How Preferred Are Preferred Stocks?

by David Jenyns on October 9, 2009

In an attempt to combine the most attractive features of bonds and common stock, financial experts created “preferred stock.” Preferred stock generally involves far fewer shares than the common, and far less money than is represented by bonds.


Preferred stock may also be convertible into common stock of the company at a stipulated ratio. Because this is an attractive feature for investors, it often means that the issue may carry a lower dividend rate than would otherwise be expected.

If you should buy a convertible preferred, however, see whether it is protected against dilution of the common. Each share is now $30. And each preferred share, instead of being worth $180, is worth only $60 when converted. Stock dividends, rights, and mergers may also alter the conversion ratio.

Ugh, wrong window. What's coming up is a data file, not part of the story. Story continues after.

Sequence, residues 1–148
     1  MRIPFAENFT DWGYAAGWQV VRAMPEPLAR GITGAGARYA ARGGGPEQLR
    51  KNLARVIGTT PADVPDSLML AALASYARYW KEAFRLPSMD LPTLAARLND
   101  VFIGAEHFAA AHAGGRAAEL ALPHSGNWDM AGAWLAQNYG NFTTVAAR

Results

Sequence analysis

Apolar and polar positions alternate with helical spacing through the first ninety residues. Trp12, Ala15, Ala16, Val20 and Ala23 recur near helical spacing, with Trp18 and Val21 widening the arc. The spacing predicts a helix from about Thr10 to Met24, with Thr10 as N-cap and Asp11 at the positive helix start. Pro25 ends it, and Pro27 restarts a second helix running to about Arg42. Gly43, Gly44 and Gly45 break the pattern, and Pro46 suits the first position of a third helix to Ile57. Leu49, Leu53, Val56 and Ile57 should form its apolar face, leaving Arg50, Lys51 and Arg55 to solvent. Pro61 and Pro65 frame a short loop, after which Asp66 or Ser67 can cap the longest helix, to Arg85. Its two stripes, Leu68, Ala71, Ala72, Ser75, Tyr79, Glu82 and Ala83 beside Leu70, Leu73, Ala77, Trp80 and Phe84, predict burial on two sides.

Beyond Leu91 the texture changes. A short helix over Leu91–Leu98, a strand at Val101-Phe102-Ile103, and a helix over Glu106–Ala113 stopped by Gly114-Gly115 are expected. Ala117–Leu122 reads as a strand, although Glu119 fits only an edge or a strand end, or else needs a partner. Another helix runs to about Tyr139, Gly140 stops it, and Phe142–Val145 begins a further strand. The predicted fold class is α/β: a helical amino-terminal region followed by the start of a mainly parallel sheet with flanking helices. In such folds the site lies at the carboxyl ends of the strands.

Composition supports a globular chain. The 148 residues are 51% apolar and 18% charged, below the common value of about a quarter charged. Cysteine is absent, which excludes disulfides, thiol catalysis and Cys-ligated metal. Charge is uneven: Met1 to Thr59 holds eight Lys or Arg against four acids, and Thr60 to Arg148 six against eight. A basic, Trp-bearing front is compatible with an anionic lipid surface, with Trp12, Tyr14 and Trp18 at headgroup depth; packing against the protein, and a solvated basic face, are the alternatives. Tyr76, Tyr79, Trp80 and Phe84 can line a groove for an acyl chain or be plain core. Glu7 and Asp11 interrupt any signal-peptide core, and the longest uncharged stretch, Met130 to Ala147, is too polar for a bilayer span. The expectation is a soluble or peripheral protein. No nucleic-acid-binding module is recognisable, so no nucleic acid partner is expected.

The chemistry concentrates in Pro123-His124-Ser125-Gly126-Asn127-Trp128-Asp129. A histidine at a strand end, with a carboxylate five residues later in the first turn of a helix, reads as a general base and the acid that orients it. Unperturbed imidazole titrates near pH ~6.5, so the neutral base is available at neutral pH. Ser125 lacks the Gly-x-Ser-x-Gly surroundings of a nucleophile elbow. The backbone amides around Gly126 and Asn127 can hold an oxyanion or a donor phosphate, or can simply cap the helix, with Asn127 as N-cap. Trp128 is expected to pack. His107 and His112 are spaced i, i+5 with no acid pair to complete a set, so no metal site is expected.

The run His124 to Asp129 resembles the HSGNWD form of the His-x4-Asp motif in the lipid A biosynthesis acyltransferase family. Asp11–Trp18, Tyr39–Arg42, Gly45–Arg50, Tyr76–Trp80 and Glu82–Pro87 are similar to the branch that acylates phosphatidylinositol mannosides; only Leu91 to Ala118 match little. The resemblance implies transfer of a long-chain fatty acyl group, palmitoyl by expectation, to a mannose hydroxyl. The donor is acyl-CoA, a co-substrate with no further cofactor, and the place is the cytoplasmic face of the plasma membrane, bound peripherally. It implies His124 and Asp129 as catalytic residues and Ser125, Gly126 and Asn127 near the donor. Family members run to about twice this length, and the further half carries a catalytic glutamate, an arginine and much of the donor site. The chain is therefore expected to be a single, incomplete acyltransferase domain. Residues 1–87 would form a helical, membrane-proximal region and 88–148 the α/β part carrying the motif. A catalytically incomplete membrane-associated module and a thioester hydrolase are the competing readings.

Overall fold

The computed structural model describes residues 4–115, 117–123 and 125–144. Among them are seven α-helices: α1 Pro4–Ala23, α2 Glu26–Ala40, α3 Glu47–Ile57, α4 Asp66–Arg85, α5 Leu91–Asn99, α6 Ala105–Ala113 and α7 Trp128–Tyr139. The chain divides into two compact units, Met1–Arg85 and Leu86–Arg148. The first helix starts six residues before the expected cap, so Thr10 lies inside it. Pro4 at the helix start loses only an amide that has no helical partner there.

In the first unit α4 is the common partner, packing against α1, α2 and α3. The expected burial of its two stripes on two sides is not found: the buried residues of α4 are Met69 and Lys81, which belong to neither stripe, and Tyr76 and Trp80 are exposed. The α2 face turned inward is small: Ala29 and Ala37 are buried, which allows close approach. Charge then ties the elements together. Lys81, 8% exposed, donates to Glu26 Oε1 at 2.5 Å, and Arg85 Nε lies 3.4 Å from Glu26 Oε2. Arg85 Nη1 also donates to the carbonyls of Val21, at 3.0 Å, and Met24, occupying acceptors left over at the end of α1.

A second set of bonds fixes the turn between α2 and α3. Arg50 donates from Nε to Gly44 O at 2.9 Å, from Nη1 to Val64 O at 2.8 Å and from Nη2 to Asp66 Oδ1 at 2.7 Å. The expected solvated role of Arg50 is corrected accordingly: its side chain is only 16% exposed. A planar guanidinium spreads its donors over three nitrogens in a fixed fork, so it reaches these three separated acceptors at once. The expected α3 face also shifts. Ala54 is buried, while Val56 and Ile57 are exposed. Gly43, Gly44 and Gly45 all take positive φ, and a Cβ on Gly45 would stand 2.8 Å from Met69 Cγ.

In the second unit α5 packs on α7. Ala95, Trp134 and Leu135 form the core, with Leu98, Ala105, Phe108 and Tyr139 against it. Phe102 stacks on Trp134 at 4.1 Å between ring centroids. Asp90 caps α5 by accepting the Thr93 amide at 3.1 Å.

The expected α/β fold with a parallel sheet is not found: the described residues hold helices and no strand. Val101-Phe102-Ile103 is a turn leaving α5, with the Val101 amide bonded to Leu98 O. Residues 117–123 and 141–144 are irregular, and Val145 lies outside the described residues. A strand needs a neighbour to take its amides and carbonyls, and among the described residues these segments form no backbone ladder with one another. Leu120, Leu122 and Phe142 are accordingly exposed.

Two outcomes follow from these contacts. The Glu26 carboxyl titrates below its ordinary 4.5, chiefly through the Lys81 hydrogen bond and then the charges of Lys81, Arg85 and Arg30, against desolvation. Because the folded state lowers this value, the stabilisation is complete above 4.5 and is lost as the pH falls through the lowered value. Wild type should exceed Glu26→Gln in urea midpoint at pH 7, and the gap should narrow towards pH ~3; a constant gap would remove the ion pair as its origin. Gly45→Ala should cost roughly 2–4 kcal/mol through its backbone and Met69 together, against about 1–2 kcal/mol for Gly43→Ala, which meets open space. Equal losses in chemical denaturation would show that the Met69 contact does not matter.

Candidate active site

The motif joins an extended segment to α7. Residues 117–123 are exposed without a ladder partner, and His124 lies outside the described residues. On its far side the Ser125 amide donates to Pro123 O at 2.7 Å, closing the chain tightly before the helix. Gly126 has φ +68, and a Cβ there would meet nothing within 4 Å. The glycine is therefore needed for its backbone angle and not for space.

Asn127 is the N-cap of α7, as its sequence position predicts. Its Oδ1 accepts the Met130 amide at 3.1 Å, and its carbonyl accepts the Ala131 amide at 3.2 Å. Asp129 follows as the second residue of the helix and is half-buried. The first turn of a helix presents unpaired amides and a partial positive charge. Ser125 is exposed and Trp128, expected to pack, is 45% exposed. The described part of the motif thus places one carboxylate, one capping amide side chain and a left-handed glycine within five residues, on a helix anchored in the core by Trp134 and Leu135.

Fortunately, company intentions are fairly predictable, for preferreds, being a fixed-interest item, are also tied to money rates. The risk to a callable preferred, therefore, is a period of cheap money. Preferred stock might not be a big money-maker, but its returns are generally better than bonds.

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